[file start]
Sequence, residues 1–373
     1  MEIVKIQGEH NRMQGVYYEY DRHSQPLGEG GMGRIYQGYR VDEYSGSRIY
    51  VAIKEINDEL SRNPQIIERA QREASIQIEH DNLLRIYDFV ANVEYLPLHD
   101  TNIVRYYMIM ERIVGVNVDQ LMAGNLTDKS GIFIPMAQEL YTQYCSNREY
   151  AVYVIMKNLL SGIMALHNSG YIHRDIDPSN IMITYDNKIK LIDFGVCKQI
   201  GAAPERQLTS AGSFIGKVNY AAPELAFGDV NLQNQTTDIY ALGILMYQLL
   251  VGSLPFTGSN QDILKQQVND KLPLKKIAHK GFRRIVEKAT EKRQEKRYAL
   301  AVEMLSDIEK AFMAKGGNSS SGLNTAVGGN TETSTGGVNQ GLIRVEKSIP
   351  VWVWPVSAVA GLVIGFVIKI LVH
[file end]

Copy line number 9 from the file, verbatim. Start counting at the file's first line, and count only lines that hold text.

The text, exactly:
   351  VWVWPVSAVA GLVIGFVIKI LVH